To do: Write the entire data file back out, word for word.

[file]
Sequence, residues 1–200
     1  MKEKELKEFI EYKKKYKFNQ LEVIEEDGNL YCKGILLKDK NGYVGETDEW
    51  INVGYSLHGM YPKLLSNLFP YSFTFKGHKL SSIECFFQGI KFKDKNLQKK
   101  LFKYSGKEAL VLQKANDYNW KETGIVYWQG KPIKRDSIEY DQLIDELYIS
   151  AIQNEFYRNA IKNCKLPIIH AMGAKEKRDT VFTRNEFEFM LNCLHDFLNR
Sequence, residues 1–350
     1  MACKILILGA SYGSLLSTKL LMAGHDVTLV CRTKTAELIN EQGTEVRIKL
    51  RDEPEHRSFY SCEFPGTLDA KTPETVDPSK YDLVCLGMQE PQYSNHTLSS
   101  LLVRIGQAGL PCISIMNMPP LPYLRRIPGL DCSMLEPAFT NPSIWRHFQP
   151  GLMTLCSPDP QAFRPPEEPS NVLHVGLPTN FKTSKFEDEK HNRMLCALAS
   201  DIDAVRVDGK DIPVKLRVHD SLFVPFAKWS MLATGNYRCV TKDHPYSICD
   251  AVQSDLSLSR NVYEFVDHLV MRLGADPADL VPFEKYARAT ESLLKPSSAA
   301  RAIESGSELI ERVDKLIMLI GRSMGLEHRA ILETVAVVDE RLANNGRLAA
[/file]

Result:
Sequence, residues 1–200
     1  MKEKELKEFI EYKKKYKFNQ LEVIEEDGNL YCKGILLKDK NGYVGETDEW
    51  INVGYSLHGM YPKLLSNLFP YSFTFKGHKL SSIECFFQGI KFKDKNLQKK
   101  LFKYSGKEAL VLQKANDYNW KETGIVYWQG KPIKRDSIEY DQLIDELYIS
   151  AIQNEFYRNA IKNCKLPIIH AMGAKEKRDT VFTRNEFEFM LNCLHDFLNR
Sequence, residues 1–350
     1  MACKILILGA SYGSLLSTKL LMAGHDVTLV CRTKTAELIN EQGTEVRIKL
    51  RDEPEHRSFY SCEFPGTLDA KTPETVDPSK YDLVCLGMQE PQYSNHTLSS
   101  LLVRIGQAGL PCISIMNMPP LPYLRRIPGL DCSMLEPAFT NPSIWRHFQP
   151  GLMTLCSPDP QAFRPPEEPS NVLHVGLPTN FKTSKFEDEK HNRMLCALAS
   201  DIDAVRVDGK DIPVKLRVHD SLFVPFAKWS MLATGNYRCV TKDHPYSICD
   251  AVQSDLSLSR NVYEFVDHLV MRLGADPADL VPFEKYARAT ESLLKPSSAA
   301  RAIESGSELI ERVDKLIMLI GRSMGLEHRA ILETVAVVDE RLANNGRLAA